CARLSBERG jolted the market with its second profits warning in 2014, as the brewer revealed the Ukraine conflict and economic uncertainties would dent its annual earnings.
The Danish drinks giant said Russian beer volumes – which account for more than a third of its business – fell between 6 and 7 per cent in the second quarter, while Ukrainian beer consumption dropped 10 per cent.
Carlsberg said its eastern European markets were “increasingly challenging and uncertain”, with its problems in Ukraine exacerbated by a 43 per cent leap in beer tax as that country’s government tries to steady its public finances.
The company said consumers in Russia were drinking less due to economic uncertainties. Financial markets believe that the country may be flirting with recession as western sanctions over Ukraine bite.
The West has accused Moscow of supporting a militant separatist rebellion in eastern Ukraine.
Carlsberg chief executive Jorgen Buhl Rasmussen, pictured below, said: “Unfortunately, we believe the eastern European beer markets will be impacted further as consumers are facing increased challenges and this will impact the group’s profits negatively this year.”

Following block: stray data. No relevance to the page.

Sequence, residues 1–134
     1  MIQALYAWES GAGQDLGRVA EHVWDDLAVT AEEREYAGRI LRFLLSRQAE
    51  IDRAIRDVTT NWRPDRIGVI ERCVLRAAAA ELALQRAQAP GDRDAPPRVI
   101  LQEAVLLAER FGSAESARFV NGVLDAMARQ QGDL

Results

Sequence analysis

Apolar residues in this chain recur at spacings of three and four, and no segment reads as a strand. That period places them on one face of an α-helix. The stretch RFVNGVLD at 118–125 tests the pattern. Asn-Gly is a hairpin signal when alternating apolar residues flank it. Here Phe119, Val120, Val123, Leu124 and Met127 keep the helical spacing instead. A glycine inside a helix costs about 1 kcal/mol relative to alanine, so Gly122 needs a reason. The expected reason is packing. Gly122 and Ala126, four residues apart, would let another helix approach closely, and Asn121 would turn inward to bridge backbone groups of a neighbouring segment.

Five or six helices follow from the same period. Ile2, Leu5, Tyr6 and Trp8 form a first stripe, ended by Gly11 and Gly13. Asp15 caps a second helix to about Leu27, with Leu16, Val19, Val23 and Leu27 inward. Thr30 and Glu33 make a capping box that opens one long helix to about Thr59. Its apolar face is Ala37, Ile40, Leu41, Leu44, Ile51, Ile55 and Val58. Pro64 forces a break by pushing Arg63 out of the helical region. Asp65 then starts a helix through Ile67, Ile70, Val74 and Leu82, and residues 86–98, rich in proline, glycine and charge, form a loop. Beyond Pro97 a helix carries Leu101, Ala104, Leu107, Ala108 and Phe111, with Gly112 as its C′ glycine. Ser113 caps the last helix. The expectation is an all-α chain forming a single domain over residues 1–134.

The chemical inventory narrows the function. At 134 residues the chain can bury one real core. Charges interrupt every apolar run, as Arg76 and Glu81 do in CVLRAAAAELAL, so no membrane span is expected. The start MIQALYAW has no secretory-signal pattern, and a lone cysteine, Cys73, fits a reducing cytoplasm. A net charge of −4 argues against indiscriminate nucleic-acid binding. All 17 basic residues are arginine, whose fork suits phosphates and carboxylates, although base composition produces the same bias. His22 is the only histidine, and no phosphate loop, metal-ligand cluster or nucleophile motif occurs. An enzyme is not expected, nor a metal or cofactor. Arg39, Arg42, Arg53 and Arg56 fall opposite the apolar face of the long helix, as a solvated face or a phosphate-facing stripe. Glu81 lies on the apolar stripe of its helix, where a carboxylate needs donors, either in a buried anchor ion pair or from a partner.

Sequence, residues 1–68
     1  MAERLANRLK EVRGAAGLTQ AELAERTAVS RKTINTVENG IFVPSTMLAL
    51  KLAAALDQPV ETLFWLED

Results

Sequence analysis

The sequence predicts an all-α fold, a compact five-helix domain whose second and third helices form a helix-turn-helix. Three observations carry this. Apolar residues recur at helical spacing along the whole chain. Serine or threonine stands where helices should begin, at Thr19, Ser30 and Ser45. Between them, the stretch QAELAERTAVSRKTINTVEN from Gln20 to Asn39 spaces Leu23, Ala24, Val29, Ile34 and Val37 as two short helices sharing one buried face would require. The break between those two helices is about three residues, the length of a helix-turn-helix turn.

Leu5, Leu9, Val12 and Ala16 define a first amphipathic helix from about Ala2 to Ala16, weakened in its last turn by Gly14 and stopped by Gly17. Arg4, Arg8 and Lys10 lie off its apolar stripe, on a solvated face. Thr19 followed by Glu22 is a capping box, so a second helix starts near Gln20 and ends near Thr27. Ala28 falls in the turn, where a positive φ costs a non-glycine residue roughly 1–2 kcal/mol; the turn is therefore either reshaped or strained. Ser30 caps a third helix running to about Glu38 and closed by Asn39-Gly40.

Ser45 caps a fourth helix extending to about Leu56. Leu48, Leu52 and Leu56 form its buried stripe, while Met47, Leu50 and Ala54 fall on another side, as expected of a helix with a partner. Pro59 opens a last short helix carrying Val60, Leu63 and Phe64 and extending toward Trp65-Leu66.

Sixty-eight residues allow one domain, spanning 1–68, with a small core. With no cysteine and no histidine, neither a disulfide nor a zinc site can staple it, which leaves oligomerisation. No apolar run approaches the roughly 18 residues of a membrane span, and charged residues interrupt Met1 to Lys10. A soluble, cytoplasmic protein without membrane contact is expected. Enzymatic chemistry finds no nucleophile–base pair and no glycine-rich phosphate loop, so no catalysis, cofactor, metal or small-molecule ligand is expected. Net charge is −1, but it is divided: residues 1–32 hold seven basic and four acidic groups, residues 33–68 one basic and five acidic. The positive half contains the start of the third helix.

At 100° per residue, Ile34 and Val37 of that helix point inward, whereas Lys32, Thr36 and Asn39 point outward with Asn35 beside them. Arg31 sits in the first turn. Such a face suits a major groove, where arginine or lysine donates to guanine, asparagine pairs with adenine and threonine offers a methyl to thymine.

Carlsberg’s Baltika beer brand, acquired by the group as part of the break-up takeover, with Heineken, of Scottish & Newcastle Breweries (S&N) in 2008, has the largest chunk of the Russian beer market, but its market share fell 1.2 per cent in the second quarter of 2014.
Yesterday’s profit warning came as Carlsberg revealed that its six-month net profits rose slightly to 2.2 billion kroner (£235m). As conditions became more challenging, revenues in the second quarter only edged up to 19.2bn kroner, from 19.1bn kroner in the same period of 2013.
However, Dutch rival Heineken, which took over S&N’s UK and French operations as part of the joint carve-up with Carlsberg, posted a forecast-beating first half yesterday, with earnings up nearly 10 per cent to €1.45bn (£1.16bn).
This was despite revenues falling 1.4 per cent to €10.2bn, as the brewer was partly hit by the strong euro.
Jean-Francois van Boxmeer, group chief executive, called it “a very good first-half performance”, with revenue and profit growth in most regions.
Beer volumes were up 3.1 per cent, driven by growth in Africa, the Middle East, the Americas and western Europe. There was also an improved second-quarter performance in Asia Pacific.
Outpacing Carlsberg’s performance in the region, the Heineken flagship brand grew more than 5 per cent in central and eastern Europe over the six months.
However, Heineken admitted the Russian market, where it has a 12 per cent market share, remained “quite challenging” due to yearly beer tax increases.